I read this post over at Bolta about Ron Brunton and his "interesting" time on the ABC board, and when I read it, I thought - "Yep, been there and seen that".
I used to work in the IT department of a large government organisation. I was in what I guess might be termed the middle level of middle management. Senior enough to see and contribute to a few board papers, technical enough to still mix it with the frontline Dilberts.
We had a complete network catastrophe at one point, thanks to a worm that flooded every network link with traffic. The disaster was so bad, some distant country sites were off the air for over a week. Everyone in IT had to work stupidly long hours to clean it up, and even major sites like head office were down for a few days. Thankfully, it didn't get into what I would call our "operational" network - if it had, Sydneysiders would have had a rough week.
This story might take a while to tell, but in the end, you'll understand what Ron Brunton was on about.
The company in question had offices and sites all over the place, and we also had many server rooms scattered around the country. I was working back a bit one night - kind of the last one there - when the phone rang. It was the Network Manager. His monitoring system had picked up a spike in traffic from the site that I was at, and he was ringing in the hope that a Dilbert was still there and could look at it for him.
Well, a Dilbert was there - me. At this point, it was maybe 6.30pm. He asked me to look at a few servers, which I did, and I couldn't see anything obviously wrong. The network traffic buildup was getting worse, so he hot-footed it over from the site that he was at to my site. We spent about 10 minutes poking around and throwing possible theories about the cause at each other, but none of them panned out when we ran a few tests.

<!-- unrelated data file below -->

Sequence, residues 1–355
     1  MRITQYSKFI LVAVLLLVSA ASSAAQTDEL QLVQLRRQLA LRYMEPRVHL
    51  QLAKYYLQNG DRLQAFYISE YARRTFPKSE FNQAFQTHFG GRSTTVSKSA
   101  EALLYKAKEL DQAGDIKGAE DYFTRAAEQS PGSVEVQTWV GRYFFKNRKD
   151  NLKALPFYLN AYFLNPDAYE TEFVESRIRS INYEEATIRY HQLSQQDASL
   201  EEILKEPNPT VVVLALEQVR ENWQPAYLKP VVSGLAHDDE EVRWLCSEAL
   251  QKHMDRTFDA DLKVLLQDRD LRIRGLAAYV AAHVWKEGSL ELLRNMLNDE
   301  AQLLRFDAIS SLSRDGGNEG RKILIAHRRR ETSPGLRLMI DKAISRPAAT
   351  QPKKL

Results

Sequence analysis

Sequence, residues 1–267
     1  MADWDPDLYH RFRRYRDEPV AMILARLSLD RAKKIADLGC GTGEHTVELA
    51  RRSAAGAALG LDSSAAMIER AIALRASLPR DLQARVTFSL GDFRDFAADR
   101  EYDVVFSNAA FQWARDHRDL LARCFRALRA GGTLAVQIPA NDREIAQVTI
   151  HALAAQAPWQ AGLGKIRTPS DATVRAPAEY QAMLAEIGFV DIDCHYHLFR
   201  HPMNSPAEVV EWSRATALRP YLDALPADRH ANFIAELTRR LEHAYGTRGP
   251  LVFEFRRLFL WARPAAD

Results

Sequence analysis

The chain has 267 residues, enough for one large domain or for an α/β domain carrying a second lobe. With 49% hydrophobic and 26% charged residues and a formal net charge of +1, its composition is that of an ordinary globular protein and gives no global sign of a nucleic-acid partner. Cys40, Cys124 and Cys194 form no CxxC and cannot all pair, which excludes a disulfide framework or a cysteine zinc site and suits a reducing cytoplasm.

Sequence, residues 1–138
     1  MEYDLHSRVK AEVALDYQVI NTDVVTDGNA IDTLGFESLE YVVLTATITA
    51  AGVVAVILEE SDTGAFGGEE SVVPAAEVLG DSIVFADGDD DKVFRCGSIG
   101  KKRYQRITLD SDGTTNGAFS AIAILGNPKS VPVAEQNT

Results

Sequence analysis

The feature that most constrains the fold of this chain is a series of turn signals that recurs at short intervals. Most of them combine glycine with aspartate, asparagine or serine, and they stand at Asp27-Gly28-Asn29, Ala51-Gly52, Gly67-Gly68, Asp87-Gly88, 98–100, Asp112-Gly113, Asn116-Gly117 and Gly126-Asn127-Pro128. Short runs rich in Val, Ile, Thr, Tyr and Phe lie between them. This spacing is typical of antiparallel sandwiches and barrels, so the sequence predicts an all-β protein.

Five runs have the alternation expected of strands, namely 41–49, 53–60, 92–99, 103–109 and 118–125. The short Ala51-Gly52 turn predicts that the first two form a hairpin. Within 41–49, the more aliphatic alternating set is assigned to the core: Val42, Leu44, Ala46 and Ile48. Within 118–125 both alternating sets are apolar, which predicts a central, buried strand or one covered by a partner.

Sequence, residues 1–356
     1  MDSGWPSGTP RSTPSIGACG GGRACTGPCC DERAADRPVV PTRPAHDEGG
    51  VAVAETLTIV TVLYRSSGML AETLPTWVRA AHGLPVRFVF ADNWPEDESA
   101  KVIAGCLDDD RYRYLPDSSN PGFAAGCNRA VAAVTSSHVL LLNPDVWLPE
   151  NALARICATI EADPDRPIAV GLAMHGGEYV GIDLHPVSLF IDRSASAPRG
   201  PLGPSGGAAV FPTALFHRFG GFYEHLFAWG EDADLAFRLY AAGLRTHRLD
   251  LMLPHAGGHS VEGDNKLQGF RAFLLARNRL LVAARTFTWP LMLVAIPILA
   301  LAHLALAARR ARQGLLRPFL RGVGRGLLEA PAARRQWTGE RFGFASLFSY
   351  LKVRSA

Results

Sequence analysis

I finally suggested that we might have been hit by the blaster worm. That was a longshot, as the worm had been around for a while at that point, it was well known, and we had been told in one management meeting after another by a certain window licker that every system had been patched to protect us against this worm. Our boss had raised patchaing against worms as an issue in meeting after meeting since the initial devastating release onto the internet of the slammer work, and we had been reassured time and time again that the patch had been applied. We'd been hit by the slammer worm earlier in the year, so patching our systems was top priority.
At that time, there was no anti-virus protection against the worm. The anti-virus software companies were working flat out on a solution, and until they released one, having the latest anti-virus software with up to date virus definitions was no good. The only way to keep it out was to apply the patches from Microsoft.